Personal growth may well be the only widely (and wildly) popular industry in the world with no certain, shared definition of its product.
In fact, in a search through our library of online psychological dictionaries for a sound industry definition of personal growth, the first three out of four didn’t even define the term!
One did address the topic, but only to point out the confusion that surround the subject:
The means to personal growth…are of uncertain value, and the ends of personal growth are obscure and sometimes contradictory…1
The Macmillan Dictionary of Psychology, 2nd ed
To further complicate the subject, personal growth means one thing to a Buddhist, something else to an atheist or agnostic, something else still to a humanistic psychologist, and something altogether different to a Christian.
These are just a few of the reasons it would be both unfair and unwise of me to assume you and I have the same concepts and ideas in mind, and that we’re coming from the same orientation in terms of personal growth.
Many years ago (before cell phones or GPA were a thing), I needed to get to someone’s house in a small neighboring town I was unfamiliar with. At some point I got lost and couldn’t make sense of the directions in my hand. So I found a phone booth (can you believe we ever had to resort to those?!) and called to get help.
The wife answered the phone and readily gave me directions from the Kroger store that I could see from the phone booth. So I got back in the car and with renewed confidence headed in the direction she told me to go.
But before I had hardly begun again, I realized there was a problem. What she described to me and what I saw did not match up at all. So I had to return to the phone booth.
She once again reassured me that was the way to their home, using the Kroger as a reference point, and that I must have just missed a turn.
Okay. So I tried yet again, but with the same results.
Third time in the phone booth I happened to mention a drug store that I could also see. She stopped me immediately. “WAIT… no wonder you can’t find us. You’re at the wrong Kroger!”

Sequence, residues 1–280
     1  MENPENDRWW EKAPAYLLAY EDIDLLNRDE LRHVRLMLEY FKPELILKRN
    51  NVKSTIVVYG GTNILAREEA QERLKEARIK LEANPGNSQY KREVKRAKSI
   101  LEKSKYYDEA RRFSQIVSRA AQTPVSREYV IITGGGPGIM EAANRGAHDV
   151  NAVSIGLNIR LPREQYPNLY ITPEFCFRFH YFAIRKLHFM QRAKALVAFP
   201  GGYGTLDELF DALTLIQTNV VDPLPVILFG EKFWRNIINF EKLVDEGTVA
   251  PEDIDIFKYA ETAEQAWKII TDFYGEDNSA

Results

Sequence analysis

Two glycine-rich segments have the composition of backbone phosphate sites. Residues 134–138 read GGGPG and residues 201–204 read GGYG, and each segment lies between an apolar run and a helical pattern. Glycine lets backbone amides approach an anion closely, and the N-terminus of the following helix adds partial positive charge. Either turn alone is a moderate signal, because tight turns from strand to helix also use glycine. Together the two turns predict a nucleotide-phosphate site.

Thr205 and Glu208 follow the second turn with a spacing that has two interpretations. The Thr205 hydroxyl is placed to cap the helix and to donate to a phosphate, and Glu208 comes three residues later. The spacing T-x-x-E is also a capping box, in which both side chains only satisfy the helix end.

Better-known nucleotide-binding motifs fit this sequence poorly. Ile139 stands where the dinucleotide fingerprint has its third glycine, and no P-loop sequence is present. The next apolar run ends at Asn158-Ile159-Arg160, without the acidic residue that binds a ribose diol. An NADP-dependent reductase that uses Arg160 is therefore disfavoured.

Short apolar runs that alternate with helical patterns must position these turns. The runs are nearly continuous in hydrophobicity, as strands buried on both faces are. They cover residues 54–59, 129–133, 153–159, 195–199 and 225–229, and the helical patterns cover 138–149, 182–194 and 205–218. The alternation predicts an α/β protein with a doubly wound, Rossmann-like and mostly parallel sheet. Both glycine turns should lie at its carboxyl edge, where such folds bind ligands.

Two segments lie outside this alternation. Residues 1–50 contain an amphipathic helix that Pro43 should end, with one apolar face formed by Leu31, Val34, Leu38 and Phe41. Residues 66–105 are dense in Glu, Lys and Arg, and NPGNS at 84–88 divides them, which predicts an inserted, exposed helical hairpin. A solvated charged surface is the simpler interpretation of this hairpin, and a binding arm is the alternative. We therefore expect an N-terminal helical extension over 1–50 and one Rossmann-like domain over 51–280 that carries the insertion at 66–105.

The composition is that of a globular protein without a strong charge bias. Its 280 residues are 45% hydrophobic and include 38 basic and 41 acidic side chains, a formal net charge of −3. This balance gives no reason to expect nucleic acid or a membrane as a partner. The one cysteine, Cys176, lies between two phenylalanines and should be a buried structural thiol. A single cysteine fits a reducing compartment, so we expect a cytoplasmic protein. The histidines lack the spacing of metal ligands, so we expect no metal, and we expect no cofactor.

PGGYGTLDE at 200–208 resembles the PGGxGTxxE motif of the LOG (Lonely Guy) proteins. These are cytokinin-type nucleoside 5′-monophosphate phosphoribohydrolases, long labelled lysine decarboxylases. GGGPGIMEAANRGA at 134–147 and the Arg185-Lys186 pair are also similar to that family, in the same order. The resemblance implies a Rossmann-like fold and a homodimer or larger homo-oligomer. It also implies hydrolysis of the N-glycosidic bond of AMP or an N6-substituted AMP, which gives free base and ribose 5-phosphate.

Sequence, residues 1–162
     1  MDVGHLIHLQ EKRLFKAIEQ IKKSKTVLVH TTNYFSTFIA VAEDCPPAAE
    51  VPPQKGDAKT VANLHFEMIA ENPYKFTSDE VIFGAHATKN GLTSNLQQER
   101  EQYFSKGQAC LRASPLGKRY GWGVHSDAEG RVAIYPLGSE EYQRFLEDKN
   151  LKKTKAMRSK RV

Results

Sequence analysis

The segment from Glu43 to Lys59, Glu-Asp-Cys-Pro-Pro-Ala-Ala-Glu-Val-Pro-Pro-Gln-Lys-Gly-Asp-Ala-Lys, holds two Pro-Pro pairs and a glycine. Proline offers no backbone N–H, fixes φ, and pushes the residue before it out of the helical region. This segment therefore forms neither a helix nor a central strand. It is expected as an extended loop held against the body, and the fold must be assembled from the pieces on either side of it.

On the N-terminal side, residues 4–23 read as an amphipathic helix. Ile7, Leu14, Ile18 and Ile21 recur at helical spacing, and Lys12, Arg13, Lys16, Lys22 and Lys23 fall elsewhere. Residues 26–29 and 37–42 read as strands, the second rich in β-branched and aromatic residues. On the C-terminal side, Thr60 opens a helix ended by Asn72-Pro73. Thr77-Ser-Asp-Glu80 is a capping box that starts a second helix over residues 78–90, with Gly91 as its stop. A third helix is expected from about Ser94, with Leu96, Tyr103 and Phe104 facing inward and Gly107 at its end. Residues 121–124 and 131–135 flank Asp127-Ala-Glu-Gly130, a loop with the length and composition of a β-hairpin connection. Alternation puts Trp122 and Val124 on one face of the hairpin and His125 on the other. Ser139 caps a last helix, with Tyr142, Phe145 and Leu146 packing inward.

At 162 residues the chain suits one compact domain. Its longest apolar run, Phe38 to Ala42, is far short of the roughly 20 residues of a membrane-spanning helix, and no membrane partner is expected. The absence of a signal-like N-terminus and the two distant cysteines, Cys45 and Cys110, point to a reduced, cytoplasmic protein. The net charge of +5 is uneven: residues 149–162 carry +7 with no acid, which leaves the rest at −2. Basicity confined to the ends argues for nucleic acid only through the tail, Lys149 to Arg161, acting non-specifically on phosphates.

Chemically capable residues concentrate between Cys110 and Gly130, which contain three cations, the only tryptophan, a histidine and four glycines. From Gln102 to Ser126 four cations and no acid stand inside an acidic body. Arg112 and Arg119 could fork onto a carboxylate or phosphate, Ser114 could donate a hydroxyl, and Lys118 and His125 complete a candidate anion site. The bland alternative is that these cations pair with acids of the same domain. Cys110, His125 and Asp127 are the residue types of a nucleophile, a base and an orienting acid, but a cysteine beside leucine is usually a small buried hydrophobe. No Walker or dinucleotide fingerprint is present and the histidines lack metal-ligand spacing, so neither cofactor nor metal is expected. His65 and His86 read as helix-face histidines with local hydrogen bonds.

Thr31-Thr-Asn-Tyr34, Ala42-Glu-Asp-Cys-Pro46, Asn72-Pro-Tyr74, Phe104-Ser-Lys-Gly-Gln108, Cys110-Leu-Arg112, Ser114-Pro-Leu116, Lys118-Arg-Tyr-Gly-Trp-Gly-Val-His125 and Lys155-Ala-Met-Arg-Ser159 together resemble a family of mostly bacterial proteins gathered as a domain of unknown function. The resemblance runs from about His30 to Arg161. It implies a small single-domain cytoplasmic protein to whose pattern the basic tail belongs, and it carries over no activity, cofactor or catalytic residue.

The critical fact (that I wasn’t aware of) was that there were actually two Kroger stores on that same highway, oddly enough. The problem all along was that we were coming from completely different orientations.
Point being, at the outset it is of essential importance that you know where we’re coming from at GRO in terms of our orientation to personal growth.
One of the primary reasons we created Growth Resources Online is because we believe the personal growth industry and the world of psychology together are insufficient to answer the WHY questions of life and fill the emptiness in the human heart.
Don’t misunderstand me, psychology provides a wonderful set of tools that, when used appropriately, can truly facilitate the process of personal growth and change. But it by no means answers our existential questions.
For those of us who are Christian, we look primarily to Scripture to provide the truths we need to live by. The Bible, for us, is our manual for living.
Scripture has a great deal to say about growth (over 70 verses reference the subject), but this shouldn’t surprise us. It’s quite natural that a book that stresses the importance of a new birth would have a lot to say about the growth of that new life.
Which is why we feel so strongly about the importance of personal growth, and why we are committed to continue creating resources that aid Christians in applying the precepts of Scripture using the processes and tools of psychology.
The Bible has a great deal to say about growth, but this shouldn’t surprise us. It’s quite natural that a book that stresses the importance of a new birth would have a lot to say about the growth of that new life.
So, to state it clearly and plainly, let me close with the what, the how, and the why of personal growth for GRO.
What – Personal growth for the Christian is our individual responsibility to be ever increasing in Christlikeness . . . and thereby, becoming more fully human.
How – Through the application of biblical precepts and psychological processes that result in lasting change.
Why – Because the New Testament call to every Christian is to be ever increasing in our psychospiritual progress.
Abide in me, and I in you. As the branch cannot bear fruit by itself, unless it abides in the vine, neither can you, unless you abide in me.2
1Sutherland, Stuart, The Macmillan Dictionary of Psychology, 2nd ed, digital edition.